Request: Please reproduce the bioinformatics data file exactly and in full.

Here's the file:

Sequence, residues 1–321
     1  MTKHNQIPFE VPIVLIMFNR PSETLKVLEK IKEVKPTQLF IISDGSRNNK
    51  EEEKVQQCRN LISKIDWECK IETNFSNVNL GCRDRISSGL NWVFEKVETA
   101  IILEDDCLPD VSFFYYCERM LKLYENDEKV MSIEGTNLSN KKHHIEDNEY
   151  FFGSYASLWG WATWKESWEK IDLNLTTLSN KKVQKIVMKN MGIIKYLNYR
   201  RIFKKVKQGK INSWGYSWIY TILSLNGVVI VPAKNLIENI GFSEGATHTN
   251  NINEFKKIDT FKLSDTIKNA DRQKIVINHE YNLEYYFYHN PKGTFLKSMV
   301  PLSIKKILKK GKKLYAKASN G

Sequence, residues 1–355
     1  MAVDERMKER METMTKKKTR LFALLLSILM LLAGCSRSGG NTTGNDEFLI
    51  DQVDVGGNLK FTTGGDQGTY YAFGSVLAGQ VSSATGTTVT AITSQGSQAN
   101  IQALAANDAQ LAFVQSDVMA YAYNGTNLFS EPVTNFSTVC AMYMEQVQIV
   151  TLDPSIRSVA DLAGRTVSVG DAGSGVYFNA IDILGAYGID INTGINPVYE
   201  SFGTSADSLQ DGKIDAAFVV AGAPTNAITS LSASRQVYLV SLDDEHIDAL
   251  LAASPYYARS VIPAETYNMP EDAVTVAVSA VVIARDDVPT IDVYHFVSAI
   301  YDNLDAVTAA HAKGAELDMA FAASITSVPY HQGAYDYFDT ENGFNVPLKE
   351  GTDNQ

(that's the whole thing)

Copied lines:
Sequence, residues 1–321
     1  MTKHNQIPFE VPIVLIMFNR PSETLKVLEK IKEVKPTQLF IISDGSRNNK
    51  EEEKVQQCRN LISKIDWECK IETNFSNVNL GCRDRISSGL NWVFEKVETA
   101  IILEDDCLPD VSFFYYCERM LKLYENDEKV MSIEGTNLSN KKHHIEDNEY
   151  FFGSYASLWG WATWKESWEK IDLNLTTLSN KKVQKIVMKN MGIIKYLNYR
   201  RIFKKVKQGK INSWGYSWIY TILSLNGVVI VPAKNLIENI GFSEGATHTN
   251  NINEFKKIDT FKLSDTIKNA DRQKIVINHE YNLEYYFYHN PKGTFLKSMV
   301  PLSIKKILKK GKKLYAKASN G

Sequence, residues 1–355
     1  MAVDERMKER METMTKKKTR LFALLLSILM LLAGCSRSGG NTTGNDEFLI
    51  DQVDVGGNLK FTTGGDQGTY YAFGSVLAGQ VSSATGTTVT AITSQGSQAN
   101  IQALAANDAQ LAFVQSDVMA YAYNGTNLFS EPVTNFSTVC AMYMEQVQIV
   151  TLDPSIRSVA DLAGRTVSVG DAGSGVYFNA IDILGAYGID INTGINPVYE
   201  SFGTSADSLQ DGKIDAAFVV AGAPTNAITS LSASRQVYLV SLDDEHIDAL
   251  LAASPYYARS VIPAETYNMP EDAVTVAVSA VVIARDDVPT IDVYHFVSAI
   301  YDNLDAVTAA HAKGAELDMA FAASITSVPY HQGAYDYFDT ENGFNVPLKE
   351  GTDNQ